Deep Tissue differs from deep pressure massage in several ways.
Deep pressure is able to be sustained though the full session and is used in warming up and prepping the muscles for deep tissue. Deep pressure will open the two first layers of muscle tissue allowing general aches and pains to be eliminated. Deep pressure is good for loosening up “recent” built up muscle tension, form a hard work week or a bad nights sleep. The five Swedish massage techniques are employed; effleurage (sliding or gliding), petrissage (kneading), tapotement (rhythmic tapping), friction (cross fiber) and vibrations (either shaking or rocking). The pressure range is from light to deep. Clients are able to relax and will not feel pain due to pressure unless a more intense issue; knot, trigger point, bruise, or fatigue/swelling, is present.
Deep Tissue massage is a modality separate from Swedish massage and is for specific issues which cause chronic pain, or limit range of motion. Deep Tissue focuses on one or two muscle groups to retrain the muscles at the root of the problem, and is not sustained for the full massage. Deep Tissue is good for breaking up scar tissue and holding patterns such as frozen shoulder syndrome. Deep Tissue uses cross-fibering and deep muscle stripping and three-phase compression to break up knots and adhesions. Clients can experience some discomfort and pain during deep tissue massage, as pain spindles start working again, nerves are released from being compressed, and adhesions are broken up. Pain experienced should never be above a 5 1/2 on your pain scale of 1-10 (1= able to feel the pressure, 10= bruising pain) and you should have open lines of communication with your massage therapist.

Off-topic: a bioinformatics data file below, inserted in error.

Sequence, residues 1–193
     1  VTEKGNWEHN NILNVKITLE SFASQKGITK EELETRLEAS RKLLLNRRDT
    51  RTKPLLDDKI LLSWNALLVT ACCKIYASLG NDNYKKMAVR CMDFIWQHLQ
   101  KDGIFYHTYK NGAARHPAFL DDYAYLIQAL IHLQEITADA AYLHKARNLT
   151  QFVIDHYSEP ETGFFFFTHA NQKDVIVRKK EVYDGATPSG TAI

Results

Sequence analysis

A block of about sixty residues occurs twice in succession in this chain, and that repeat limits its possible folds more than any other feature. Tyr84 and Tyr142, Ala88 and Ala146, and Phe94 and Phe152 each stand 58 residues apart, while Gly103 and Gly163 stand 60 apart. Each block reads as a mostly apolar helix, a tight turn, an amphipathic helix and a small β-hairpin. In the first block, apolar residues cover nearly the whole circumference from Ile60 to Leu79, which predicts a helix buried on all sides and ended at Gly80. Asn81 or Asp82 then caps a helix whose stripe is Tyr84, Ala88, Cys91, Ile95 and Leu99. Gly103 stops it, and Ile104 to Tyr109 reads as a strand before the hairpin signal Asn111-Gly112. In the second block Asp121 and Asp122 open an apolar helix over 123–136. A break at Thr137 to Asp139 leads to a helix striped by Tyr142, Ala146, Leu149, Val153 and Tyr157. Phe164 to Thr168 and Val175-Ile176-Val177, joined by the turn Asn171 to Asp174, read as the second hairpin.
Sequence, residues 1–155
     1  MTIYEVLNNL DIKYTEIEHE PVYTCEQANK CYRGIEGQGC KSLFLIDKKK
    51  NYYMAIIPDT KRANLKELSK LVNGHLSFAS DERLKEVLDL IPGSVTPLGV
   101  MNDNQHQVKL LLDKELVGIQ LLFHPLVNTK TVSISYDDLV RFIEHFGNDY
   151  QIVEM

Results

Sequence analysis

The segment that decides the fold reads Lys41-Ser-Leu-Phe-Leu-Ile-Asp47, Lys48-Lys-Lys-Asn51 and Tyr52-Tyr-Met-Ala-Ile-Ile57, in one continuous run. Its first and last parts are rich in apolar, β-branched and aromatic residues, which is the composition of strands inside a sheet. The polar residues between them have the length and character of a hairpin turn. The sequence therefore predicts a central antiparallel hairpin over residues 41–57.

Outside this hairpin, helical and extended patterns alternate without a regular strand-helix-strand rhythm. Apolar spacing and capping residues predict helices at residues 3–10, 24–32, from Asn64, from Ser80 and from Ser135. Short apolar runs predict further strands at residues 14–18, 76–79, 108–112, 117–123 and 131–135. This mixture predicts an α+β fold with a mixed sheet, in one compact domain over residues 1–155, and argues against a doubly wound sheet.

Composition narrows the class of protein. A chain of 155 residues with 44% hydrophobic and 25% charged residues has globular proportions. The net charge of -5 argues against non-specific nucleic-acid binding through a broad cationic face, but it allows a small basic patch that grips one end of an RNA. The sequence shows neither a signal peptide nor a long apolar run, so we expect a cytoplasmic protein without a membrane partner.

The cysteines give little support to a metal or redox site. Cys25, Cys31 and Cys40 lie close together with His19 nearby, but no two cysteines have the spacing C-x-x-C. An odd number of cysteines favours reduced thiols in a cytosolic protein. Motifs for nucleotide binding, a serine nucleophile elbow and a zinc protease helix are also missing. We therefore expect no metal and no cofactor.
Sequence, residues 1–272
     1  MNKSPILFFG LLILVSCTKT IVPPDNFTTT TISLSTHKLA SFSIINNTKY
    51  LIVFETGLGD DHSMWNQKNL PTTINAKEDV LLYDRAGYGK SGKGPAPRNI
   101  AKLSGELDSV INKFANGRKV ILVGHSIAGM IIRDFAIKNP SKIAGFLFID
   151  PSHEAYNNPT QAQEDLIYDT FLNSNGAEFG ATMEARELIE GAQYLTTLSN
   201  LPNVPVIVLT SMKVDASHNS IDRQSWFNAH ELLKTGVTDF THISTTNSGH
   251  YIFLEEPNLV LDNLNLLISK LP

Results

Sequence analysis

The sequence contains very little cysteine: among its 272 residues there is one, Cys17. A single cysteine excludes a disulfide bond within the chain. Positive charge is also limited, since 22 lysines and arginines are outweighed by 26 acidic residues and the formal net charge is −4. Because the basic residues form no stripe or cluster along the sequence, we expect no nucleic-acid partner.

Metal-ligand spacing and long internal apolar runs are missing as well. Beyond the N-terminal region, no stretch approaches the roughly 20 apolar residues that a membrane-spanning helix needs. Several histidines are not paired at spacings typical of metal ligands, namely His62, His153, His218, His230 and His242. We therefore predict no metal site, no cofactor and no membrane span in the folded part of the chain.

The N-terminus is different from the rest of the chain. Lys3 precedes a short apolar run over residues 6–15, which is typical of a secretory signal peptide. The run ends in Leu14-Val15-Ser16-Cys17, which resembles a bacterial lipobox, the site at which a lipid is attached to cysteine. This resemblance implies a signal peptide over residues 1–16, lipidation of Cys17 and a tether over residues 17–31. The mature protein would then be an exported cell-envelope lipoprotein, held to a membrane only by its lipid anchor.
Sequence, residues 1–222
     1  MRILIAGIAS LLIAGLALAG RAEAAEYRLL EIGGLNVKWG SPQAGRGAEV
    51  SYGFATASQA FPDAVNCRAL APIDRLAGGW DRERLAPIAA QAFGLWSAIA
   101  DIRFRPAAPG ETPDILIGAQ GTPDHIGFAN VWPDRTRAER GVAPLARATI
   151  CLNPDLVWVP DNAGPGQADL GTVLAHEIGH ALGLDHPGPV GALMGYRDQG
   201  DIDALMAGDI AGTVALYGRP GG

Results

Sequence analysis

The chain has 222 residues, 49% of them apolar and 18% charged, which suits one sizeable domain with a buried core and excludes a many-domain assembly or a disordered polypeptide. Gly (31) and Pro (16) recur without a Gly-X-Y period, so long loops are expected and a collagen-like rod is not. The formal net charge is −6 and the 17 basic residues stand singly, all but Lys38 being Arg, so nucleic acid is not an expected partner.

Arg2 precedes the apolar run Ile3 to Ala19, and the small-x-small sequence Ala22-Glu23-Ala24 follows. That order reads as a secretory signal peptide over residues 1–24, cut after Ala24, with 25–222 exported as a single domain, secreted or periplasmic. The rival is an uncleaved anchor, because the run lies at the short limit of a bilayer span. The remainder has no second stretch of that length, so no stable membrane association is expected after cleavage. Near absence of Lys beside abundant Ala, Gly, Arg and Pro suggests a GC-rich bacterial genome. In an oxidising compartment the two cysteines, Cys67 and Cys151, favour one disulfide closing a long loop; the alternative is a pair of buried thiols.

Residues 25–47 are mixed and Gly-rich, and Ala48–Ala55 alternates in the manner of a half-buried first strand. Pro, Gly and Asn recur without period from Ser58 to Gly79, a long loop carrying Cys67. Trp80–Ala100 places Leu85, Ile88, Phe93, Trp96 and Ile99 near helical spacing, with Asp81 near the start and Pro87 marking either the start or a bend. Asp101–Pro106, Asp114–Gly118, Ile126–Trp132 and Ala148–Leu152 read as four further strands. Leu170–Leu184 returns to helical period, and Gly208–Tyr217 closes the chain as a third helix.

Specific after care for Deep tissue should be as follows:
– 1 Gallon of Water within 24 hours of your massage (before, immediately after, and the rest of the day)
– a heating pad for 15-20 min
– a mild anti-inflammatory such as ibuprofen can help with the after-session pain; you should never need more than your average dose to make it though the next day.
The after-effects of Deep tissue can affect you for up to 3 days; the first day after your session will be the most sensitive with the effects tapering off by the third day. If the effects are severe (such as feeling unable to lift or move your limbs, achy all over or nauseous the next day), your body is having a hard time flushing the toxins that have been reintroduced to your system due to dehydration. Make sure that you are drinking enough water and are getting enough electrolytes (vitamins) to help strengthen your immune system while you flush the toxins that have stayed dormant in fat and muscle tissue.